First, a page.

About Rebecca: Rebecca Dirksen is an Assistant Professor in the Department of Folklore and Ethnomusicology at Indiana University. Her primary research concerns music and grassroots development in Haiti before and after the 2010 earthquake. Concurrent projects revolve around creative responses to crisis and disaster, intangible cultural heritage protection, cultural policy, research ethics, and Haitian classical music. Broader research interests expand across the Caribbean and Latin America and include issues of (mis)representation and musical articulations of poverty and violence. Dirksen’s work has appeared in the Yearbook for Traditional Music and the Ethnomusicology Review, and elsewhere.
Su Yin Mak (Chinese University of Hong Kong): “Dramatizing the Musical Experience: Analysis and Performance in an Interactive Approach to Classical Music Appreciation”
Those of us who have engaged in public musicology are often faced with frustration at the inadequacy of programme notes, lectures, and other conventional literary formats as means for communicating musical understanding. On one hand, because lay audiences do not possess specialist vocabulary, we often must rely on verbal descriptions; on the other hand, because music and words are fundamentally different media, verbal descriptions, however detailed, can only approximate the musical experience.
It is my belief that public musicology should aim towards engaging audiences in the direct and visceral nature of musical communication. Drawing upon Christopher Small’s concept of ‘musicking’, which views music as an activity rather than an object for study, I have developed an interactive approach to classical music appreciation that is based on the process of dramatic enactment. The present paper offers a brief illustration of my approach through specific examples: Beethoven’s Symphony No. 5 and Piano Sonata in G major, Op. 31 No. 1, 1st movement; ‘Samuel Goldenberg and Samuel Schmuyle’ from Mussorgsky/Ravel’s Pictures at an Exhibition; and an excerpt from Tchaikovsky’s Romeo and Juliet overture. For each excerpt, both the musical meaning at stake and the interactive activity I have designed for audiences to enact such meaning will be described. I will demonstrate how dramatic enactment can serve as a means of showing, rather than telling, lay audiences how music may depict actions, ideas and feelings through the interplay of sounds, regardless of whether a programmatic title or description is present. I will also report on how audiences have responded to this approach in my experience.
In conclusion, I will suggest how theoretical and practical perspectives of musical structure might be mediated through (1) embodied descriptions of music, (2) real-time, listening- and experience-based analysis, and (3) non-verbal musical communication.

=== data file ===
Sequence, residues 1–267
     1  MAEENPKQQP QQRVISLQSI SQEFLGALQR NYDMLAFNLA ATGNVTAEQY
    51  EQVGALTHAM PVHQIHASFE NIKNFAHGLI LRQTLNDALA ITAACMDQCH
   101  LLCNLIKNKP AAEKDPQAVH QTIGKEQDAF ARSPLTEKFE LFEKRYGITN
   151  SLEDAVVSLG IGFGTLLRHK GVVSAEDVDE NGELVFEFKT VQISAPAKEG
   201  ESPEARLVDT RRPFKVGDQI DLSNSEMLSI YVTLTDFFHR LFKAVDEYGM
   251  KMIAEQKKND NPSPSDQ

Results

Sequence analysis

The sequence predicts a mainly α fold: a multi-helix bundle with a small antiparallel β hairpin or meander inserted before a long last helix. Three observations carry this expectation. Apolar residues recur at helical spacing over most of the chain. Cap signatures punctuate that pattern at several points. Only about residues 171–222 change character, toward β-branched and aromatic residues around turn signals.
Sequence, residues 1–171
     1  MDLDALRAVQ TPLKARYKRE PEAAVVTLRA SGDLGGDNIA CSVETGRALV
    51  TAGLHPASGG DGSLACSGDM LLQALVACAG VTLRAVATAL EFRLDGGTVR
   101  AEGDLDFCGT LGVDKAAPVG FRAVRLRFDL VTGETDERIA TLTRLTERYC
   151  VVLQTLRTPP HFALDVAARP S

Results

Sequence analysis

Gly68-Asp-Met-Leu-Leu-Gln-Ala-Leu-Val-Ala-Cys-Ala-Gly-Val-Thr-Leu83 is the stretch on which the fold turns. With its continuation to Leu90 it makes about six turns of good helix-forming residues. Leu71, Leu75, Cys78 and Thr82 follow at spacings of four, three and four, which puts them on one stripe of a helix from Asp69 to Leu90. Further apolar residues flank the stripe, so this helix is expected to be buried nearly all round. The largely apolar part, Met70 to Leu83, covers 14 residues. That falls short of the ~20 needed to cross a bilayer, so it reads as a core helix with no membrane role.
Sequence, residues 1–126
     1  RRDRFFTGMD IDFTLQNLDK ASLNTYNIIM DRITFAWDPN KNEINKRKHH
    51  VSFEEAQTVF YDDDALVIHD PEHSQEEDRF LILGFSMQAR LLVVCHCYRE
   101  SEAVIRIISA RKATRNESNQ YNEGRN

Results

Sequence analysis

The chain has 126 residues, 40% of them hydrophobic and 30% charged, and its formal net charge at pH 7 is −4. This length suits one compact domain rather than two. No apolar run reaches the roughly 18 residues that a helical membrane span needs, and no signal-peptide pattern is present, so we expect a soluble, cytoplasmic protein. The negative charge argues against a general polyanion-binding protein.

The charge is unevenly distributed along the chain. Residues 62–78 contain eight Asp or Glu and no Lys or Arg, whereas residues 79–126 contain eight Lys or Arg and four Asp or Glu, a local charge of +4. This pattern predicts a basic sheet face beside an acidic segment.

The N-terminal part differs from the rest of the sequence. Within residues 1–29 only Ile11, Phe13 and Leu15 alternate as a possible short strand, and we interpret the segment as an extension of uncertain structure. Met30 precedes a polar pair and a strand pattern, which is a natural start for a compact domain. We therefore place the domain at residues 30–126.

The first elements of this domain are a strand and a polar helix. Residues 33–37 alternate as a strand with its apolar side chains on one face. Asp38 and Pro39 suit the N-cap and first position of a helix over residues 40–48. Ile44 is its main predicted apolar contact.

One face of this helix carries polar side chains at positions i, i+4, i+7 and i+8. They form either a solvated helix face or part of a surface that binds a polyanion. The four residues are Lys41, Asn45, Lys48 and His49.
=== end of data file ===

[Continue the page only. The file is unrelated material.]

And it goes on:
About Su Yin: Su Yin Mak is Associate Professor of Music Theory at the Chinese University of Hong Kong. A Schubert scholar of international repute, she has published her research in major journals and university presses, and is recipient of the 2008 Emerging Scholar Award from the Society for Music Theory in the USA. Mak’s approach to musical scholarship and pedagogy is interdisciplinary in nature. She has a strong interest in the relationship between musical structure and expression in music, as well as the interactions between analysis and performance. Mak is an active promoter of classical music to the public and is an Artist Associate of the Hong Kong Sinfonietta in the 2014/2015 concert season.
Jonathan Waxman (Hofstra University): “Public Musicology in the Concert Hall: The Evolving Role of Program Notes in Educating 21st-Century Audiences”
While major American symphony orchestras have distributed program notes to audiences since the late nineteenth-century, there have been several recent changes in both their presentation and dissemination. Annotators of the early twentieth-century used a common four-five paragraph format which included a biography of the composer and blow by blow description of the piece often with musical examples. Today, program notes rarely, if ever, provide examples, and instead focus on compositional features that a listener with no musical background can understand before the concert.
This paper will discuss both how program notes in the American concert hall have evolved over the past one hundred years, and how new media is changing the way symphony orchestras provide this information. In today’s notes, non-musical aspects are emphasized. Biographies of composers are longer, and the performance histories of pieces are more thoroughly explained. When musical details are included, they describe the sound on a basic level. While the early twentieth-century program note described important aspects of subsidiary musical themes in prose, today’s notes simply direct listeners to pay attention to broad musical aspects such as instrumentation.